Genesis 13:1-9 If you go to the left, I’ll go to the right; if you go to the right, I’ll go to the left.

Original photo courtesy of RomansNewsletter.Blogspot.com

So Abram went up from Egypt to the Negev, with his wife and everything he had, and Lot went with him. Abram had become very wealthy in livestock and in silver and gold.

From the Negev he went from place to place until he came to Bethel, to the place between Bethel and Ai where his tent had been earlier and where he had first built an altar. There Abram called on the name of the LORD.

Now Lot, who was moving about with Abram, also had flocks and herds and tents. But the land could not support them while they stayed together, for their possessions were so great that they were not able to stay together. And quarreling arose between Abram’s herders and Lot’s. The Canaanites and Perizzites were also living in the land at that time.

So Abram said to Lot, “Let’s not have any quarreling between you and me, or between your herders and mine, for we are close relatives. Is not the whole land before you? Let’s part company. If you go to the left, I’ll go to the right; if you go to the right, I’ll go to the left.”

Genesis 13:1-9

Most people don’t recognize it but what we’re seeing here is one of Abram’s greatest moments! As the elder man and as Lot’s uncle, Abram could have had his own way in this matter. But he showed Lot grace and allowed him to choose his own way. Perhaps this was in response to the grace recently shown to Abram by God in Genesis chapter 12. In chapter 12 we saw that Abram lied and put his wife Sarai in a terrible and vulnerable position yet the Lord spared Sarai and Abram and sent them away with riches. (see previous post Genesis 12:10-20)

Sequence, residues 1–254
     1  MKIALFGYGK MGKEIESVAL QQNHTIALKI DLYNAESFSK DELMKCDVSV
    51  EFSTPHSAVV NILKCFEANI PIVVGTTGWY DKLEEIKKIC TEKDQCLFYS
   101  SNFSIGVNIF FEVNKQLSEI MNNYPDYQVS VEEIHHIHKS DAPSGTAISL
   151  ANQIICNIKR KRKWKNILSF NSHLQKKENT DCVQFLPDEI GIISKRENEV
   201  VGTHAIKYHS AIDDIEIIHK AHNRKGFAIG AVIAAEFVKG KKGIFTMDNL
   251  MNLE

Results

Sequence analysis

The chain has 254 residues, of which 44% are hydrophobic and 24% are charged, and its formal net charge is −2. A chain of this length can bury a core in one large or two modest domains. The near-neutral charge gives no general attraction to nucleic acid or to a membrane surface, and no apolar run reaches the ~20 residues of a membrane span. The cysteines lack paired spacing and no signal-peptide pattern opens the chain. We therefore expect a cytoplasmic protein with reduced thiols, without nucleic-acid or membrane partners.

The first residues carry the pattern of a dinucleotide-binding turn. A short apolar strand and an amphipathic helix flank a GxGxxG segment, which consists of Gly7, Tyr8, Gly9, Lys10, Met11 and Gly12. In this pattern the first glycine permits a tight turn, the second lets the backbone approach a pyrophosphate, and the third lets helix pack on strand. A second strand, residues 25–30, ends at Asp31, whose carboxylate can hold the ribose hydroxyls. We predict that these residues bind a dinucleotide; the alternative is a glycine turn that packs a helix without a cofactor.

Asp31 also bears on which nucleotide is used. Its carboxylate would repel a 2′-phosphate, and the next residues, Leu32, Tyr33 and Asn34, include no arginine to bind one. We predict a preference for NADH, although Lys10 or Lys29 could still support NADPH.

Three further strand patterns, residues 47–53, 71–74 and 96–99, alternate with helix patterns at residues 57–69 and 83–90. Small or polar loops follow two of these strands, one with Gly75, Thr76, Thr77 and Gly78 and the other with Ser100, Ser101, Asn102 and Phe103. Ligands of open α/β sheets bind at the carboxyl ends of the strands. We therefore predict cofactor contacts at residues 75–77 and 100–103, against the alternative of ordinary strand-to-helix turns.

Abram allowed Lot to have it his way.

How often does this moment of truth happen upon you and me?

In the car with family I want to take the route that I think is the best.

When we’re going to a movie I want to see the one I think is best.

When we’re deciding where to vacation I want to go to the destination I think is best.

We need to do it my way!

My way is the right way!

My way is the best way!

Why can’t people see that — it’s so obvious.

But wait just a minute. Let’s take a closer look at these examples. What actually happens if we take a slower route in the car? What actually happens if we arrive two minutes later? What damage is actually done if we see a chick flick? What if we vacation in some other nice place? What problem has been caused by these outcomes? I mean really, does it make a difference that’s significant or important in any way whatsoever? Most of the time, getting your own way isn’t nearly as big a deal as it seems.

So why do we think, feel, and behave this way?

When I was younger I played some amateur competitive tennis. Oh, how I wanted to make it as a pro. Several people close to me believed that there were better paths for me to follow. I didn’t give much consideration to their wise words. I didn’t give much consideration to the path that the Lord wanted me to walk in life either. I practiced. I worked hard. I disciplined myself. I studied books on tennis technique and strategy.